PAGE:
All of these sources are woven together into a coherent and engaging narrative presented in a warm chassidishe style. Every piece of information is meticulously sourced in the footnotes, and analyzed and compared with other accounts for accuracy. As a result, Yemei Melech has served as the starting point for all subsequent research into the Rebbe’s early life.
This three volume classic was written over 30 years ago, but despite the many years that have passed since its publication, it remains the only comprehensive account of the Rebbe’s life written from a chassidishe perspective. JEM’s Early Years (2016) is an excellent collection of documents and testimonies, but by design it doesn’t weave them together into a story, merely presenting the raw information like a research file. Rabbi Zalman Ruderman’s Chad Bedara (2015) is also a very good book about the Rebbe’s full life and activities written for a frum audience, but it is far less comprehensive, with 200 pages covering the period of 5662-5711, compared with the 1278 pages of Yemei Melech on the same period.
Despite Yemei Melech’s enduring value, the decision to reprint it 30 years later without any changes is very puzzling. In the time since its original publication, a wealth of new information has been published, shedding much new light on this period of the Rebbe’s life.
To mention only the main new primary sources: Additional parts of Rebbetzin Chanah’s diaries (Kehot 2012, parts 33-39) shed new light on the Rebbe’s youth; letters to the Rebbe from his father and uncle in Yekatrinoslav published in Michtavei Hachasunah (Kehot 1999) add much information about the Rebbe’s chasunah; Volume 15 of the Friediker Rebbe’s Igros Kodesh (Kehot 2010) contains almost 400 pages of letters between the Friediker Rebbe and the Rebbe and Rebbetzin that illuminate the Berlin-Paris period; and, of course, the Rebbe’s Reshimos contain a wealth of information about the Rebbe’s correspondence, conversations with the Friediker Rebbe, and public speeches the Rebbe gave in shuls.
These new sources often validate stories published in Yemei Melech. For example, in Yemei Melech vol. 2, p. 892 an incredible story is related about a dream the Friediker Rebbe had in which his father the Rebbe Rashab told him that there is a light shining in his house at night—the Rebbe. This story is validated by the Rebbe himself in Reshimas Hayoman (p. 294), with a date and additional details. Yemei Melech vol. 1, p. 330 relates the story of an unusual test given to the Rebbe in Berlin by Rabbi Yechiel Yaakov Weinberg on the contents of a kuntres he authored, which the author surmises may have been Rabbi Weinberg’s kuntres Pinui Atzmos Meisim. The publication of the Rebbe’s comments on this very kuntres in Reshimos, choveres 127 confirms this account.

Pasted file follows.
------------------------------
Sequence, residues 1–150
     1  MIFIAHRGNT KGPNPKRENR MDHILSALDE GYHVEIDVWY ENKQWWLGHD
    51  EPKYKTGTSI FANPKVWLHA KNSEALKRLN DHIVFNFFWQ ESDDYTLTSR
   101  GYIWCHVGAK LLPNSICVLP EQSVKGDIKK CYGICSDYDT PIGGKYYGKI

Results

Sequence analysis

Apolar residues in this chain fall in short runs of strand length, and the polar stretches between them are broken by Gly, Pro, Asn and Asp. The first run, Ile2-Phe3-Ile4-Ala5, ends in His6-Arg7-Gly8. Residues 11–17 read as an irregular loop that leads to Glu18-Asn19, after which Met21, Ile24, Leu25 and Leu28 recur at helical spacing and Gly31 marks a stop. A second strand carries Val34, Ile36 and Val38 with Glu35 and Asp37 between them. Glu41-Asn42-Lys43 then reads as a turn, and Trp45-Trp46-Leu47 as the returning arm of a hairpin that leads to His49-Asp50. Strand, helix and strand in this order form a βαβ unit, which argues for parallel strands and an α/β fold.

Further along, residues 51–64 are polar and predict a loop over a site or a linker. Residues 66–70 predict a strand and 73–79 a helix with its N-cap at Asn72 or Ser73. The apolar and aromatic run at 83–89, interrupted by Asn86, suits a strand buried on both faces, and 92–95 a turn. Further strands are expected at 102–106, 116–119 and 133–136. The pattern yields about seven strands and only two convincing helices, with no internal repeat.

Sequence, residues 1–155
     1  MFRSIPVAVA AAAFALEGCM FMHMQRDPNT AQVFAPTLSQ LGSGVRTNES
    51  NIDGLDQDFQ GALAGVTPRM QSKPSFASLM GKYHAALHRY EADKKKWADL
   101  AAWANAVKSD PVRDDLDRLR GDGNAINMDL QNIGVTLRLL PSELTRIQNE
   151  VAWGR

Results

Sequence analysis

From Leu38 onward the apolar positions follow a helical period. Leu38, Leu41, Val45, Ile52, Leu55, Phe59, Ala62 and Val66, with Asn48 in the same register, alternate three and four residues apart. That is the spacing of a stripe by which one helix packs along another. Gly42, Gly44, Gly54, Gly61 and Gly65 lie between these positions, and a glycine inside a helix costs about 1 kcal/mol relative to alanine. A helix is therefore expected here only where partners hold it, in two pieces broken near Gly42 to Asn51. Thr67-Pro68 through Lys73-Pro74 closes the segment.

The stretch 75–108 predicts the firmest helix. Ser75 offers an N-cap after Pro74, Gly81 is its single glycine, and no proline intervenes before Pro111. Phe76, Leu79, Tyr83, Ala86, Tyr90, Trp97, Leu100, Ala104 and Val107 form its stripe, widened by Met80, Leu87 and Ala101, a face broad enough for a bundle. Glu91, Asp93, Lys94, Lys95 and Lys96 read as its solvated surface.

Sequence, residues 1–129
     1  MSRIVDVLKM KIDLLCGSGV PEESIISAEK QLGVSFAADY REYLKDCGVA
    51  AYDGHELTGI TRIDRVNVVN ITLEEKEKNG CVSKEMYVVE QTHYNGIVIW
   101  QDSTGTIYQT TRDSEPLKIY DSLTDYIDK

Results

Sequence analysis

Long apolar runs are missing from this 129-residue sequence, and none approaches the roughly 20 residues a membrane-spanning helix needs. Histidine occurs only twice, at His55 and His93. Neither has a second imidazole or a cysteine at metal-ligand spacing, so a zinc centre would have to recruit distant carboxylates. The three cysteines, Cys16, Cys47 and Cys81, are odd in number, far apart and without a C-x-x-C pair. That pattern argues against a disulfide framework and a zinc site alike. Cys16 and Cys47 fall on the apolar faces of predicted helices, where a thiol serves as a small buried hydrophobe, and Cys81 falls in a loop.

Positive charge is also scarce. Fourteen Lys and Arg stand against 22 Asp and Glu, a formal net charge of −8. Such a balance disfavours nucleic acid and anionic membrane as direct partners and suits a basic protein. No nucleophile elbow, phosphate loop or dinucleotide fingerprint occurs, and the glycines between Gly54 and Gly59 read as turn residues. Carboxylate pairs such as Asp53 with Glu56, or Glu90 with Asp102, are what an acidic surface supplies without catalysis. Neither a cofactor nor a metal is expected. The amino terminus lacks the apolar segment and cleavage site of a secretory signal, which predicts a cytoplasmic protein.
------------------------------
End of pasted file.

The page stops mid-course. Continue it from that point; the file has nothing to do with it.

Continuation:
Newly available information also correct a number of mistakes in Yemei Melech. Yemei Melech, vol. 1, p. 69 stated that the Rebbe’s brother Reb Yisrael Aryeh Leib was born in 5605, but the author has since discovered and published the original birth certificate with the date of Iyar 21, 5606. The report in vol. 1, p. 233 that the Rebbe authored a comprehensive work on the Alter Rebbe’s siddur can also now be considered inaccurate.
Recognizing the need to update the series and incorporate all of the newly published information, the author of Yemei Melech has been working for years on a comprehensive new edition of his classic work (see JEM’s Early Years, p. 94). This new edition has apparently been stalled in recent years, and the questionable decision to reprint the now outdated original edition all but guarantees its long term cancellation because the market for it has now been swallowed by the reprint.
In summary, Yemei Melech was a groundbreaking work in its time, is still the best in its genre today, and due to the dubious decision to reprint it will remain so for the foreseeable future.
Yemei Melech can be purchased at SeforimDeals.com.